There are important differences in how trans identity is understood globally. People across cultures, ethnographic groups, and regions may identify as trans but may also use other systems entirely to describe themselves. In North America, First Nations peoples use identity systems that often include the word “two-spirit,” derived from the Anishinaabemowin term niizh manidoowag , to describe their sex, gender, sexual orientation, and spirituality (Anguksuar [LaFortune], 1998, p. 221). The term “two-spirit” was first confirmed at the Third Annual First Nations Lesbian and Gay Conference in 1990. Anguksuar (1998) describes how it “indicates the presence of both a feminine and a masculine spirit in the same person” and is different from notions of being trans or homosexual that prevail in non-Indigenous society because it does not entail what one should do with their genitals or their social role (p. 221). Rifkin (2011) notes that, as part of a systemic project to replicate the patriarchal nuclear family as the ideal model, the concept of two-spiritedness was erased as much as possible by colonizers in what amounts to a eugenic act (p. 29).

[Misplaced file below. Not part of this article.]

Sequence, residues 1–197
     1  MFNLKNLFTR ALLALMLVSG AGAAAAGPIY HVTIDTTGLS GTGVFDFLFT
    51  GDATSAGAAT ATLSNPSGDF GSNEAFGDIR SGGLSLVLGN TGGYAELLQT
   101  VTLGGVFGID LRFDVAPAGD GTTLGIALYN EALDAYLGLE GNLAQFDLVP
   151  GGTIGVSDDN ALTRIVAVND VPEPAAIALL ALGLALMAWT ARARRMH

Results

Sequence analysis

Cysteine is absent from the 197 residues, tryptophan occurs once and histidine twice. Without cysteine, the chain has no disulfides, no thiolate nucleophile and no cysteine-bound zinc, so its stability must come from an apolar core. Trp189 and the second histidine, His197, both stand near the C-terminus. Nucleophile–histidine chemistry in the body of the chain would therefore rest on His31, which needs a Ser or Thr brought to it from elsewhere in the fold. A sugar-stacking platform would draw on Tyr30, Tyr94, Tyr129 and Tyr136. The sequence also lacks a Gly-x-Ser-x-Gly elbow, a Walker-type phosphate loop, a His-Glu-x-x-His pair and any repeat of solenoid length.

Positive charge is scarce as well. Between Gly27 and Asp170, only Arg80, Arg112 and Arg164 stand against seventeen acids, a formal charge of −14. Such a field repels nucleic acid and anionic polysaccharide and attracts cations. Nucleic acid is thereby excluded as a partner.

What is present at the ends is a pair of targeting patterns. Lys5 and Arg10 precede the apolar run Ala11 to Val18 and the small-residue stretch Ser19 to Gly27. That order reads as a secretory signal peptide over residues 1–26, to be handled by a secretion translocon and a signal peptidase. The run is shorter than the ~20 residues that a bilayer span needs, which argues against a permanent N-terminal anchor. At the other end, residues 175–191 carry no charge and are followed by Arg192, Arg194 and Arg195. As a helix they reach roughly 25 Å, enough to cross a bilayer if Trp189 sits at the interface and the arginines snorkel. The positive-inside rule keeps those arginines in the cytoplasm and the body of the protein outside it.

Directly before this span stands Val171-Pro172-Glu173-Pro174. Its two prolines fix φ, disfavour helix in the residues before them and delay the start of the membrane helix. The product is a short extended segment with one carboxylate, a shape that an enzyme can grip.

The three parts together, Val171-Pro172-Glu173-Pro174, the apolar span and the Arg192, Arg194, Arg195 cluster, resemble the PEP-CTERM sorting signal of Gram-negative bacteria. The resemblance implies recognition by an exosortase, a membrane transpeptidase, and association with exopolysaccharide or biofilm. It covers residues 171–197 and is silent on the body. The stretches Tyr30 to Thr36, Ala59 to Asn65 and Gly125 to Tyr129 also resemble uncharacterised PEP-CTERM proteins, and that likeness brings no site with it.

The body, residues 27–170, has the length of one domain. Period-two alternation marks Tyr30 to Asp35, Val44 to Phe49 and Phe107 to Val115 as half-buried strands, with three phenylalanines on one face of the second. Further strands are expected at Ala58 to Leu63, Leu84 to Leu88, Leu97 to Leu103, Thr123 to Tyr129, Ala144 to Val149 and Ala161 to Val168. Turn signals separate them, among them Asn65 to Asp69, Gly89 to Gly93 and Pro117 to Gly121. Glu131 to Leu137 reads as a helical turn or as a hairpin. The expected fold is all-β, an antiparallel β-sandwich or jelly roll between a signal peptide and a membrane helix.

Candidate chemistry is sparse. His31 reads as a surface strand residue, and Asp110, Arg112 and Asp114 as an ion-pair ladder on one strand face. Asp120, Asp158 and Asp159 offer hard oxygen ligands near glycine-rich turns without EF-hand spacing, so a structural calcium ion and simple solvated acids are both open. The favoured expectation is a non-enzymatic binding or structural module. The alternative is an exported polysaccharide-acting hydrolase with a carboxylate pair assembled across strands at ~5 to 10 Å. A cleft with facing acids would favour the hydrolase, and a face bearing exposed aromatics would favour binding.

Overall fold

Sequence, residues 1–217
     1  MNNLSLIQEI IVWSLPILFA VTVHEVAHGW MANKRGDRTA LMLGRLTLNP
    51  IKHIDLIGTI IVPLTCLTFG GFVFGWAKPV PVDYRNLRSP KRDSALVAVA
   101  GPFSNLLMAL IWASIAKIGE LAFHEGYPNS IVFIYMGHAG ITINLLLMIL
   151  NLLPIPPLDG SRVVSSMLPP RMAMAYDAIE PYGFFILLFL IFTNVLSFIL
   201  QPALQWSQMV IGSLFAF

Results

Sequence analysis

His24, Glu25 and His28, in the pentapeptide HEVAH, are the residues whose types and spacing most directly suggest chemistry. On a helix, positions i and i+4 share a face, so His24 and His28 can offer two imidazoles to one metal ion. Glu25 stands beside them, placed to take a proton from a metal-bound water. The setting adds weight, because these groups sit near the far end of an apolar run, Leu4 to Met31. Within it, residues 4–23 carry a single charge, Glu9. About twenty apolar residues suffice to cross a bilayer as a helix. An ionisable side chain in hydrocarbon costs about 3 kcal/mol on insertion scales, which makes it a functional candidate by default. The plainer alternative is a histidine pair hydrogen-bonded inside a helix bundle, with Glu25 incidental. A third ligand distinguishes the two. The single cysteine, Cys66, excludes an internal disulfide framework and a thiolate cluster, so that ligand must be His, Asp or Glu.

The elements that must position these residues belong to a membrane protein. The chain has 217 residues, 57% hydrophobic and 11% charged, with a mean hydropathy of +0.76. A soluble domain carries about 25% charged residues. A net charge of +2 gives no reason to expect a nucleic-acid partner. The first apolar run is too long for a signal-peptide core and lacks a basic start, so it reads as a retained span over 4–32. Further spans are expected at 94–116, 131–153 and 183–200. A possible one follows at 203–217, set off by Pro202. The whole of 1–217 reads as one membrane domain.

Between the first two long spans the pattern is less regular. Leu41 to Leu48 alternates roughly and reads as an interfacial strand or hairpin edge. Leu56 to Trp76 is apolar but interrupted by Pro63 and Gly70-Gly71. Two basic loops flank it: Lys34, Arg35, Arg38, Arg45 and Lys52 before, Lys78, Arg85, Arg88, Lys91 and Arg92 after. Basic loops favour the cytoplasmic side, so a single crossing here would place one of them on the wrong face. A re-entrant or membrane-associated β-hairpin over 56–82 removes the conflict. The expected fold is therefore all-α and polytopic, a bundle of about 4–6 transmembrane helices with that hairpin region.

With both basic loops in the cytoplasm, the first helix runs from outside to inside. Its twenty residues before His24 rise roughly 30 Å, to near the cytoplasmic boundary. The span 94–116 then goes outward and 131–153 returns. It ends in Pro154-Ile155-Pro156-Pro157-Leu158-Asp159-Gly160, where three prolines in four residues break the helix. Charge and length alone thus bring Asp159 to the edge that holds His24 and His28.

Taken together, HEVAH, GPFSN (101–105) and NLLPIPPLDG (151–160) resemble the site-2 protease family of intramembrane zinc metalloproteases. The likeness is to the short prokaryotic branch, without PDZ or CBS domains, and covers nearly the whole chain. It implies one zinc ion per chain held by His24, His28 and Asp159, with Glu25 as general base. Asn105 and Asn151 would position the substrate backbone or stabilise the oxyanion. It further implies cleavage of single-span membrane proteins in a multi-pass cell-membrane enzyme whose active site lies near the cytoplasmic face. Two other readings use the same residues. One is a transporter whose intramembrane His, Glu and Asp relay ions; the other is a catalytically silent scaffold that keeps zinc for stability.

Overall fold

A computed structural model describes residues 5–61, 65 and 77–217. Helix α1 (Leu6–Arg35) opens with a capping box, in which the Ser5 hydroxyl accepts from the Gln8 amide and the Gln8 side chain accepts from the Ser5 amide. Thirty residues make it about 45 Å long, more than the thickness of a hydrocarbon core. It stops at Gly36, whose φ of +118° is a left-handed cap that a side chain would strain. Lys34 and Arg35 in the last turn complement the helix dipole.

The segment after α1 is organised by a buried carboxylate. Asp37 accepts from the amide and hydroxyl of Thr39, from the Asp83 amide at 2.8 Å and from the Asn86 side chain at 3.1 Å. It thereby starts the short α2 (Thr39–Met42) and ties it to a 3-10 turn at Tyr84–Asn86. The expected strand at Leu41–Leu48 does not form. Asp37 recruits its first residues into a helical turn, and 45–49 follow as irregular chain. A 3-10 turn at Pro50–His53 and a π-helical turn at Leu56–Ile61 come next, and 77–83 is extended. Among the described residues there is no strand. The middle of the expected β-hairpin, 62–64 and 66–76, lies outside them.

A prominent international example of a gender identity that closely resembles the concept of trans, is the “hijra”. Indian people use the word hijra to describe those who identify as a third gender. Many in the hijra community prefer the label trithiya panthi/prakriti however, meaning third gender/nature (Kalra, 2011, p. 122). In ancient times, hijra were associated with the goddess Bahuchara Mata and bestowed ceremonial blessings. In modern times, trithiya panthi/hijra live at the margins of society without access to resources or civil rights (Ung Loh, 2014, p. 22). The levels of violence committed against them are similar to those committed against transwomen of colour and trans sex-workers in North America, and they are discriminated against as unfit for marriage and reproduction.
A Pathologizing History